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Appeal launched after rejection of 5G phone mast

PUBLISHED: 08:29 11 September 2020 | UPDATED: 08:36 11 September 2020

The existing mast on Newmarket Road. Pic: Google Street View.

The existing mast on Newmarket Road. Pic: Google Street View.

Google Street View

An appeal is under way after controversial plans to put up a 20-metre tall 5G mast within a conservation area in a Norwich street were rejected.

Infrastructure company Cornerstone wants to install the mast, on behalf of Vodafone, in Newmarket Road.

They had said a new pole was needed – some 20m from the one it currently uses – because the nature of the technology meant it could not use an existing pole or share with others.

But people living nearby objected and planners at Norwich City Council refused to grant prior approval for the mast.

They had said: “The siting within this leafy, green setting, where built development is subservient to the soft, green character would be incongruous and harmful to the adjacent hedge and trees as a result of the installation.”

They said the benefits of 5G coverage would not outweigh the harm in the conservation area and to the setting of the nearby grade II listed Albert Terrace and other buildings.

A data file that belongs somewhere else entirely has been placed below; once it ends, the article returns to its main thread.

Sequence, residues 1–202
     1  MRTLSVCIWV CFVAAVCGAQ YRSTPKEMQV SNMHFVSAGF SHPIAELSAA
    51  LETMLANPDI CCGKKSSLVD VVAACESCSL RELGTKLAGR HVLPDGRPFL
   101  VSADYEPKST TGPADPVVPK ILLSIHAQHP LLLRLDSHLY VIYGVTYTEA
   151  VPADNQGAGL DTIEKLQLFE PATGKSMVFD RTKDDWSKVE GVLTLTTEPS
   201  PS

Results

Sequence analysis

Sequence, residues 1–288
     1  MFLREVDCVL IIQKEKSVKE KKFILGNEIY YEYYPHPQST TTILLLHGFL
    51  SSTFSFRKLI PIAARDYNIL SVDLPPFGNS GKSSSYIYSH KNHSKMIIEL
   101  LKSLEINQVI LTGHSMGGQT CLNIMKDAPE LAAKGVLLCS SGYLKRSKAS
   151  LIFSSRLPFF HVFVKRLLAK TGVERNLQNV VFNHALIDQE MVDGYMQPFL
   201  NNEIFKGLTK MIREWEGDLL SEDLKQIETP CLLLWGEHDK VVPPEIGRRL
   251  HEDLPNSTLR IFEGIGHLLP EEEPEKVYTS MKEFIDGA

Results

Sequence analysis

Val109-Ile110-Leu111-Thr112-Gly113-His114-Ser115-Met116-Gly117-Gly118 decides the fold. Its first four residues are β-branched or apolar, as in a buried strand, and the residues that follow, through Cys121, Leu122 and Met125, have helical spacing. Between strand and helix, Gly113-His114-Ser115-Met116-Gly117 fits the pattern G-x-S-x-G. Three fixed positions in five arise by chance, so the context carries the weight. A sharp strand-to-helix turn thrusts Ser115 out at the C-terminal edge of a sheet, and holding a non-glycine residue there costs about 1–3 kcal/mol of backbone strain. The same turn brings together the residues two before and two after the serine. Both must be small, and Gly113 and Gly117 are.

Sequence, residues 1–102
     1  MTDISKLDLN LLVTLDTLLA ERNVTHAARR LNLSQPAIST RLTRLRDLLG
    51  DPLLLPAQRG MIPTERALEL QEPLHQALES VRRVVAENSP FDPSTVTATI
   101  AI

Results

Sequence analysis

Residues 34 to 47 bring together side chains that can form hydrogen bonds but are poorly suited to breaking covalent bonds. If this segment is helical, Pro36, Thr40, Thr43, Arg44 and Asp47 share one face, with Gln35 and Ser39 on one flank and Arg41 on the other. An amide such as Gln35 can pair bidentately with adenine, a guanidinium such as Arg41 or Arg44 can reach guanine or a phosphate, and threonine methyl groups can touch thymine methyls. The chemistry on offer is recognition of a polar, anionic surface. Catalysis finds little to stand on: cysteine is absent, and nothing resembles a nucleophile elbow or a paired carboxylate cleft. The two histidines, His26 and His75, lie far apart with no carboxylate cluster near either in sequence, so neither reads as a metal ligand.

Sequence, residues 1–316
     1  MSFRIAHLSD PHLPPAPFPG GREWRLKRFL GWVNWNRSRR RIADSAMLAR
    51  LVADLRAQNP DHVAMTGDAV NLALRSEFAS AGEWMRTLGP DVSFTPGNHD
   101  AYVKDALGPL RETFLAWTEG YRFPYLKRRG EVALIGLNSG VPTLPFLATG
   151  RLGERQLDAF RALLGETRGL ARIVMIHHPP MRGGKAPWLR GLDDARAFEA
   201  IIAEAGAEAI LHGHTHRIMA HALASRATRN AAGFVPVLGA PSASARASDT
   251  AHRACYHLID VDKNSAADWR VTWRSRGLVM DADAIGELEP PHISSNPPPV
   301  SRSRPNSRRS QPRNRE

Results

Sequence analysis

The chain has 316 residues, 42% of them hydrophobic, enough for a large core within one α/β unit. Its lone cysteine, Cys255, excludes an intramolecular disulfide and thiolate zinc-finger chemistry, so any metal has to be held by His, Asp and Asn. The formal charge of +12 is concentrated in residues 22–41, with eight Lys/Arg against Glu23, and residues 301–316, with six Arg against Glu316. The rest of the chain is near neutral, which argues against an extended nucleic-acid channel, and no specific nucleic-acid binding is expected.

City Hall officers also said that the application did not “satisfactorily demonstrate” that the number of sites had been kept to a minimum or that alternatives had been “adequately explored”.

However Cornerstone has appealed against the refusal, so the matter will now be considered by a planning inspector.

Documents lodged in support of Cornerstone’s case by Marrons Planning, state that the proposals would have “less than significant harm” upon the heritage assets, but that is “demonstrably outweighed by the clear public benefits of the proposals.”

They said that alternative sites had been assessed and discounted.

But the city council has stuck to its reasons for refusal.

In their submission, they said: “It has not been satisfactorily demonstrated that all possibilities to erect antennas on existing buildings, masts, other structures or in less harmful locations have been adequately explored and the harm to heritage assets, whilst less than substantial in scale, is not outweighed or mitigated by the public benefits of the contribution to a 5G telecommunications network.”

Conspiracy theories linking 5G technology to the coronavirus pandemic were slammed as “utter rubbish” by NHS England’s medical director Steve Powis earlier this year.


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